We’ll show you how to write a Comparator to sort a List using Java 8 Lambda expressions in this example.

Classic Comparator example

    Comparator<Developer> byName = new Comparator<Developer>() {
        @Override
        public int compare(Developer o1, Developer o2) {
            return o1.getName().compareTo(o2.getName());
        }
    };

Lambda expression equivalent.


    Comparator<Developer> byName = 
        (Developer o1, Developer o2)->o1.getName().compareTo(o2.getName());

Sort without Lambda

A comparison of Developer objects based on their age is an example. Normally, you use Collections.sort and pass an anonymous Comparator class like this :

//TestSorting.java

import java.math.BigDecimal;
import java.util.ArrayList;
import java.util.Collections;
import java.util.Comparator;
import java.util.List;

public class TestSorting {

    public static void main(String[] args) {

        List<Developer> listDevs = getDevelopers();

        System.out.println("Before Sort");
        for (Developer developer : listDevs) {
            System.out.println(developer);
        }
        
        //sort by age
        Collections.sort(listDevs, new Comparator<Developer>() {
            @Override
            public int compare(Developer o1, Developer o2) {
                return o1.getAge() - o2.getAge();
            }
        });
    
        System.out.println("After Sort");
        for (Developer developer : listDevs) {
            System.out.println(developer);
        }
        
    }

    private static List<Developer> getDevelopers() {

        List<Developer> result = new ArrayList<Developer>();

        result.add(new Developer("mkyong", new BigDecimal("70000"), 33));
        result.add(new Developer("alvin", new BigDecimal("80000"), 20));
        result.add(new Developer("jason", new BigDecimal("100000"), 10));
        result.add(new Developer("iris", new BigDecimal("170000"), 55));
        
        return result;

    }
    
}

Output


Before Sort
Developer [name=mkyong, salary=70000, age=33]
Developer [name=alvin, salary=80000, age=20]
Developer [name=jason, salary=100000, age=10]
Developer [name=iris, salary=170000, age=55]

After Sort
Developer [name=jason, salary=100000, age=10]
Developer [name=alvin, salary=80000, age=20]
Developer [name=mkyong, salary=70000, age=33]
Developer [name=iris, salary=170000, age=55]

You simply pass in a new anonymous Comparator class when the sorting criteria changes:

//sort by age
    Collections.sort(listDevs, new Comparator<Developer>() {
        @Override
        public int compare(Developer o1, Developer o2) {
            return o1.getAge() - o2.getAge();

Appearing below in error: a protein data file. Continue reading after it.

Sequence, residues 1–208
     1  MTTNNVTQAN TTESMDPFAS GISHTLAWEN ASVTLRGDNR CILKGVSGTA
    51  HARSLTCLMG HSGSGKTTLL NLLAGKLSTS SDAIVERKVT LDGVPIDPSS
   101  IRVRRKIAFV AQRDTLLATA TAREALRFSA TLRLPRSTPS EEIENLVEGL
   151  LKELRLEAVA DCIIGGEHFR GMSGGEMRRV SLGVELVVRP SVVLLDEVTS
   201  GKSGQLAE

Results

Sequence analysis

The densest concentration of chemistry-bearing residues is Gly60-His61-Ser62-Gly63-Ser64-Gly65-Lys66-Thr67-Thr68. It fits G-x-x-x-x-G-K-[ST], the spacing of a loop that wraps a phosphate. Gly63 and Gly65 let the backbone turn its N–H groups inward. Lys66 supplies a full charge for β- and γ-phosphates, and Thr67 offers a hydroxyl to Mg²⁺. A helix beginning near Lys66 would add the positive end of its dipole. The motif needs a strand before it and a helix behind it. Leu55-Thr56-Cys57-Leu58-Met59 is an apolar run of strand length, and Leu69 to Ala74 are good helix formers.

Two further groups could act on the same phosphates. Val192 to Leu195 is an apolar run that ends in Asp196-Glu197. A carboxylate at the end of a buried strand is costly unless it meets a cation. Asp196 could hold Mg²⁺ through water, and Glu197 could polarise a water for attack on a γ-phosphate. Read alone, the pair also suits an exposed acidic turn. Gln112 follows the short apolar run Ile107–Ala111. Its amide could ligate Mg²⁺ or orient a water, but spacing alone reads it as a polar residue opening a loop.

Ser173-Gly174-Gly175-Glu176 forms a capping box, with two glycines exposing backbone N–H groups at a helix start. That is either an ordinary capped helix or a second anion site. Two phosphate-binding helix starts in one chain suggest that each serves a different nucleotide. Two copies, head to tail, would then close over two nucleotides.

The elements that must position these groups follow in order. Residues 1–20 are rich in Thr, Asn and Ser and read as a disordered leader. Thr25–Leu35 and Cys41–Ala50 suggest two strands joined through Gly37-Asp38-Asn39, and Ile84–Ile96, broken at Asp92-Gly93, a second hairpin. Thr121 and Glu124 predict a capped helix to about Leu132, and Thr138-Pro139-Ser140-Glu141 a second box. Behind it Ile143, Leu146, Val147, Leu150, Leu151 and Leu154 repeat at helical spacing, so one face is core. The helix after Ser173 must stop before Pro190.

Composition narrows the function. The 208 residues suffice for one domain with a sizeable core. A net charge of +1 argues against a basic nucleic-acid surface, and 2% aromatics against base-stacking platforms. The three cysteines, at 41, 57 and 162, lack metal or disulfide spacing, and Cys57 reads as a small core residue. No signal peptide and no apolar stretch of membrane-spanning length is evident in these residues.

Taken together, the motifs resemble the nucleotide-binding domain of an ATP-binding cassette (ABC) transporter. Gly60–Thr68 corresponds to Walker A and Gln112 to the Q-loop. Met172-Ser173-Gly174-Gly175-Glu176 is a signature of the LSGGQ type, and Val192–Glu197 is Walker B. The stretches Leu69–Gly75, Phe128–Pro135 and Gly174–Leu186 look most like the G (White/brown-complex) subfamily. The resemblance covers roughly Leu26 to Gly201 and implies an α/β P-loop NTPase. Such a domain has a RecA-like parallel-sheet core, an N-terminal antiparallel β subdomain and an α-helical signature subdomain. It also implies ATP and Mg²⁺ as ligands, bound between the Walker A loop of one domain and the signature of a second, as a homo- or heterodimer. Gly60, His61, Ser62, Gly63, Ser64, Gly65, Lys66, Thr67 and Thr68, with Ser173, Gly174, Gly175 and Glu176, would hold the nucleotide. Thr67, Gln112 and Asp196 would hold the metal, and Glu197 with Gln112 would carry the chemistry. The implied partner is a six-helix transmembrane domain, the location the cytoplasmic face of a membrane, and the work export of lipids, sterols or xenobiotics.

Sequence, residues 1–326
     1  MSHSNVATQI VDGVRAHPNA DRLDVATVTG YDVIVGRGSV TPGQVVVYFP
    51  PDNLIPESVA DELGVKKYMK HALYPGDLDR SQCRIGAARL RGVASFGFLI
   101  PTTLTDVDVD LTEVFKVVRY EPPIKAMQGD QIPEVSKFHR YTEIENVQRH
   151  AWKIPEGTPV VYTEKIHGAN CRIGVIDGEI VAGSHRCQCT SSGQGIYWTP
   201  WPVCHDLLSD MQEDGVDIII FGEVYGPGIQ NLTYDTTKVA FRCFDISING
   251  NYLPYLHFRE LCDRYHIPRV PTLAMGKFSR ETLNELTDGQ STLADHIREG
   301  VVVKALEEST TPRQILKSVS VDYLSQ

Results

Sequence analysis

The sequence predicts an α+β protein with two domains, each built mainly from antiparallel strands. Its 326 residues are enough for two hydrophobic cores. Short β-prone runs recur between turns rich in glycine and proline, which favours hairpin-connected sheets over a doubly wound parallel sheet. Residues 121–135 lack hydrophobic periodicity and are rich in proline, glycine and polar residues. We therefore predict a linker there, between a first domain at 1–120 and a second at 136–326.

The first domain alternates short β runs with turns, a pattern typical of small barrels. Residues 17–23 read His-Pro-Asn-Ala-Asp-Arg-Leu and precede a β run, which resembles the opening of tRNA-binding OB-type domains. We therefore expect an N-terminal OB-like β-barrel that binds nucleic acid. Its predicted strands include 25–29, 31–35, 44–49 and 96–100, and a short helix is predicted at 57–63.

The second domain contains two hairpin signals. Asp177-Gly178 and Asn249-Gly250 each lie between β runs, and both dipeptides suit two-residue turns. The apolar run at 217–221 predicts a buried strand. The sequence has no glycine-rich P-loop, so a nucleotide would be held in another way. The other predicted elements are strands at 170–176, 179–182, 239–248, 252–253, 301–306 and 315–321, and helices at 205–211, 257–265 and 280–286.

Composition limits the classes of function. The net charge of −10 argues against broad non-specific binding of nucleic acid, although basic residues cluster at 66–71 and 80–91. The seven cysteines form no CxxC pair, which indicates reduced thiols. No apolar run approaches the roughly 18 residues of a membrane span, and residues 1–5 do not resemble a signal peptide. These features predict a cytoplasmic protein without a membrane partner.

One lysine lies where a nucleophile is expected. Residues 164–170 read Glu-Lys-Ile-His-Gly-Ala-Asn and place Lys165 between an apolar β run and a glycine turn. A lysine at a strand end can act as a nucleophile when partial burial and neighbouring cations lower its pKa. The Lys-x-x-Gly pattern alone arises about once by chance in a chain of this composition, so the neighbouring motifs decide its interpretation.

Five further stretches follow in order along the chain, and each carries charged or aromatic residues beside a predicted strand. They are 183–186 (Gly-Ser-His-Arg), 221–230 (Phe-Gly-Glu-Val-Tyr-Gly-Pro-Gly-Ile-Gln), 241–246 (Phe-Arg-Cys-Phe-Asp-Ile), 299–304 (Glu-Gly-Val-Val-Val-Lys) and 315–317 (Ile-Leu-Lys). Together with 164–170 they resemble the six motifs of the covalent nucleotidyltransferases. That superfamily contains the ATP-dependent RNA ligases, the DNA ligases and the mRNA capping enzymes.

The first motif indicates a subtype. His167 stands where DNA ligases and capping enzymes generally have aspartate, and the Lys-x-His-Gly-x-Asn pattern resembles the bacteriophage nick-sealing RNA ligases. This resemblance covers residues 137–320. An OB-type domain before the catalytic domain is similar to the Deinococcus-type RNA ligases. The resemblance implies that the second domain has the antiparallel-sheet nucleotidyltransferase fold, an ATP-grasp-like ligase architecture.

}
    });
    
    //sort by name	
    Collections.sort(listDevs, new Comparator<Developer>() {
        @Override
        public int compare(Developer o1, Developer o2) {
            return o1.getName().compareTo(o2.getName());
        }
    });
                
    //sort by salary
    Collections.sort(listDevs, new Comparator<Developer>() {
        @Override
        public int compare(Developer o1, Developer o2) {
            return o1.getSalary().compareTo(o2.getSalary());
        }
    });		

It works, but don’t you think it’s a little odd to build a class just to modify one line of code ?

Sort with Lambda

In Java 8, the List interface is supports the sort method directly, no need to use Collections.sort anymore.

       //List.sort() since Java 8
    listDevs.sort(new Comparator<Developer>() {
        @Override
        public int compare(Developer o1, Developer o2) {
            return o2.getAge() - o1.getAge();
        }
    });	

Lambda expression example :

import java.math.BigDecimal;
import java.util.ArrayList;
import java.util.List;

public class TestSorting {

    public static void main(String[] args) {

        List<Developer> listDevs = getDevelopers();
        
        System.out.println("Before Sort");
        for (Developer developer : listDevs) {
            System.out.println(developer);
        }
        
        System.out.println("After Sort");
        
        //lambda here!
        listDevs.sort((Developer o1, Developer o2)->o1.getAge()-o2.getAge());
    
        //java 8 only, lambda also, to print the List
        listDevs.forEach((developer)->System.out.println(developer));
    }

    private static List<Developer> getDevelopers() {

        List<Developer> result = new ArrayList<Developer>();

        result.add(new Developer("mkyong", new BigDecimal("70000"), 33));
        result.add(new Developer("alvin", new BigDecimal("80000"), 20));
        result.add(new Developer("jason", new BigDecimal("100000"), 10));
        result.add(new Developer("iris", new BigDecimal("170000"), 55));
        
        return result;

    }
    
}

Output

Before Sort
Developer [name=mkyong, salary=70000, age=33]
Developer [name=alvin, salary=80000, age=20]
Developer [name=jason, salary=100000, age=10]
Developer [name=iris, salary=170000, age=55]

After Sort
Developer [name=jason, salary=100000, age=10]
Developer [name=alvin, salary=80000, age=20]
Developer [name=mkyong, salary=70000, age=33]
Developer [name=iris, salary=170000, age=55]

References :

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